Perspective and Words
As you can plainly see...I skipped writing on Sunday. That will be my routine with this blog. I will write Monday through Saturday...barring any unforeseen circumstances.
Over the weekend I was pondering frequently on the topic of "perspective". One of my favorite things to say, as of late, is, "It's all about perspective". It's very very true. Life IS all about our perspective. We respond according to how we see the situation. Sometimes the way we see a certain situation can be a little bit skewed or off or not very realistic. When we try to see things in a new light or from a different angle, we may be shocked at the difference in how we feel about an event or conversation. Especially when dealing with another person, we can never really know what they are thinking or what their perspective is unless they tell us.
This is something that I can apply to my daily interactions with my family. If I can try to see things through their eyes, I might be a lot more understanding of their choices or actions.
While watching a movie last night, something one of the main characters said really hit home for me. I was watching The Letter Writer. It's not the best acting but the messages that are taught are awesome. (Here's a trailer for you... The Letter Writer trailer)
The character, Sam, was talking about the words we use and how they can effect another person. Words are extremely powerful. I love words. I've always loved how they can paint a picture in your mind. They can be used in a variety of ways. They can be kind, beautiful or lyrical. They can be harsh, cruel or mean. They can be used to lift another person up and "fill their bucket" or they can be used to tear another person down and "dip from their bucket".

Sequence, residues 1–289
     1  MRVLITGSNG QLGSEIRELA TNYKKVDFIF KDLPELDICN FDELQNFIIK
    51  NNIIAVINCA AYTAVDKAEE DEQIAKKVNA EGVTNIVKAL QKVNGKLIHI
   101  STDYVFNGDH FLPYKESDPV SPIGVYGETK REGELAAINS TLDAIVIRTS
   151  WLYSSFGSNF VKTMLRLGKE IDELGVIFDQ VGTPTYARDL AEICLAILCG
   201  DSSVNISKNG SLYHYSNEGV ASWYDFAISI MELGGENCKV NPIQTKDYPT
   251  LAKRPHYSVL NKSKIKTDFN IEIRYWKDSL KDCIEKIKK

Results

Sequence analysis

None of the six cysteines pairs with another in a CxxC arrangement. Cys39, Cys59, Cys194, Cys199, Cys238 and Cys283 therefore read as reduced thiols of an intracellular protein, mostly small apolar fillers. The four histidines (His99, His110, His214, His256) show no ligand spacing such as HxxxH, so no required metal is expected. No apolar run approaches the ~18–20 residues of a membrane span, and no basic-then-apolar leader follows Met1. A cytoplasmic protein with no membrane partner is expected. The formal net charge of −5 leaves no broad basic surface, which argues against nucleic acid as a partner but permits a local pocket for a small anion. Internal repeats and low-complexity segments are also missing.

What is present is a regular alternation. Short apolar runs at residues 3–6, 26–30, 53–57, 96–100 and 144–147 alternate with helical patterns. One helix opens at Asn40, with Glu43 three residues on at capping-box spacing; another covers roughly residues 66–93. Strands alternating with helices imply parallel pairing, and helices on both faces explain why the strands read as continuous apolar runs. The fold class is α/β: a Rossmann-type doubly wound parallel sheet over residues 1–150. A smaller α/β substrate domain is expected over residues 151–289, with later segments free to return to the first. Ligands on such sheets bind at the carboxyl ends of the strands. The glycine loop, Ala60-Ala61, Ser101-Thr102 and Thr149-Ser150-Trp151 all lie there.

Our perspective on a situation can effect how we use words toward another person. We need to be careful how we use our words so that we can have a positive effect on others. When we change our perspective to a more positive view we may also choose different words to say too.
This last summer I was able to participate in a parent training with Tough Point Autism Services. My case manager taught me a great deal about Autism. She helped me see a new perspective. A huge lesson I am continuing to learn is that when working with a child with Autism you must be very careful with your wording and phrasing. You must be direct and clear. There can be no insinuations. Nothing can be vague, with unspoken meanings. Sarcasm is lost on them. Talking to them is like relearning how to speak. It's a daily struggle to reword everything you are in the habit of saying. But when I realized that these individuals don't have the capacity to understand the words we are saying, my perspective changed and I have a great desire to change the way I communicate with my son.
My son does not deal very well with his dad traveling. He gets angry and lashes out. He has been doing better with his dad's traveling, but recently when his dad left on a business trip he got very upset. He was pushing, hitting, growling and yelling at his siblings and me. When those types of things are happening in the middle of church service, it's quite embarrassing. I'm so thankful for the inspiration that changed my perspective immediately. I was able to choose my words more carefully and address the true reason for the outburst. I was able to be very direct and kind. The remainder of church went well. The outbursts continued at home, but once I was aware of his perspective, I was able to handle the situations better.
Next time you encounter a situation that is stressful or hard, try to see things from a new, more positive perspective. Adjust your responses so that your words are more kind and uplifting. Watch and see how a change in your perspective and your words can make a huge difference in your life.